The most comprehensive vulnerable distribution project is definitely the
PenTest Lab, the brainchild of penetration tester Thomas Wilhelm. When
he had to learn as much about penetration testing as possible in a short
time, he found no usable targets to practice on, so he created his own live
CDs: two "Level 1" ISO images and one "Level 2" image. On the
attacker's side, Wilhelm recommends BackTrack. Unfortunately, the target
machines have an hardcoded IP address, which can conflict with your own
network's address range.
Each of the ISO images is meant to be used in a specific real-world scenario: for the first Level 1 image, you are hired by a small company to pentest an old server that has a web-based list of the company's contact information. The scenario for the second Level 1 image is a little tougher: the target system is an FTP server that has been used in the past to maintain customer information but has been sanitized, and you have to show that you can get sensitive information out of the server. In the Level 2 scenario, you should identify any vulnerabilities you can find, and you get the permission to cause damage.
De-ICE PenTest also has a forum, where users can discuss the challenges for the three ISO images and get some help (warning: there are spoilers in the forum). On the wiki, there are also some video walkthroughs. Of course these contain major spoilers, so you probably want to wait for them until you have completed the challenges.
There are a lot of other projects. The Virtual Hacking
Lab has the same approach as LAMPSecurity: it distributes an ISO image
to run on the attacker's side (the security-focused Gentoo derivative live
CD Pentoo), and offers some vulnerable
images to run as the target machines. For instance, a directory lists quite a few vulnerable distributions. Unfortunately, the project doesn't come with comprehensive documentation.
The OWASP Broken Web Applications Project is, like its name says, focused on vulnerable web applications. OWASP is the Open Web Application Security Project, a community that works to create freely available documentation, methodologies, and tools concerning web application security. The OWASP Broken Web Applications Project is distributed as a virtual machine in a VMware image. It's running outdated, vulnerable versions of some real-life web applications, such as phpBB and WordPress, but also some intentionally vulnerable applications created by OWASP and other projects.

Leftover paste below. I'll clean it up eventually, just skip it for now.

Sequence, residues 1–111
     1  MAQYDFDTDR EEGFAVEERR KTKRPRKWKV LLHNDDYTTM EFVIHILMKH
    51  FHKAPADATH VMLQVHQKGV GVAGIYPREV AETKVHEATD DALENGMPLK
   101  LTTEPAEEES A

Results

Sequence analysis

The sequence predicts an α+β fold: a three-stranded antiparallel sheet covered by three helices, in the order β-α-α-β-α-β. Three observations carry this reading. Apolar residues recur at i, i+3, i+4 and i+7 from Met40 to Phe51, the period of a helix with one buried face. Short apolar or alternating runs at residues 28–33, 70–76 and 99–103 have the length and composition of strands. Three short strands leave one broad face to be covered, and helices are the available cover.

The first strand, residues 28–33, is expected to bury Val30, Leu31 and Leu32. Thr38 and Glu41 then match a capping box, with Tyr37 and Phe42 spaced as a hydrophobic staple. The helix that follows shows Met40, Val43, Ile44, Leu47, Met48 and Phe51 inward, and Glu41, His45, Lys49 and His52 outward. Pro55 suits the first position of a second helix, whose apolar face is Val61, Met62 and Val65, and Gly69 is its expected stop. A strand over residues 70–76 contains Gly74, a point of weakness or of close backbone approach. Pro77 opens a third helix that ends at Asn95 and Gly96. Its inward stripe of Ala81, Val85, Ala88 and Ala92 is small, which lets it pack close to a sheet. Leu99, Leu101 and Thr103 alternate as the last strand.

Holynix is an Ubuntu Server install on a VMware image, which also runs on VirtualBox or Qemu. According to the README, the image requires a specific network configuration with a static IP address, which is cumbersome if the required network mask conflicts with your own network. Your author downloaded version 2 and ran it in VirtualBox. The project has a forum with help, including instructions about importing the distribution's image in VMware or VirtualBox. Just don't forget to enable PAE/NX and IO APIC in the virtual machine, or it won't boot.
If you start digging, you'll easily find a dozen vulnerable Linux
distributions that you can use to practice on. However, none of these
distributions really stands out from the crowd. Many of them are already
old —although that's not bad in this case, as it improves the chance
of finding vulnerabilities. An somewhat more painful issue is that many of
these distributions require a specific network configuration, which is a
barrier to quickly test them in an arbitrary network. Along the same line,
many of these projects are distributed as VMware images, which are not always easy to run in other hypervisors. Documentation is also an issue with many of these projects: while one could say that good pentesters will always have to be able to find their way on a foreign system, a little guidance could make these vulnerable distributions a more efficient tool for testing these tools and techniques. However, one thing is sure: pentesters that jump through all these hoops will be able to practice their techniques on a lot of different test targets.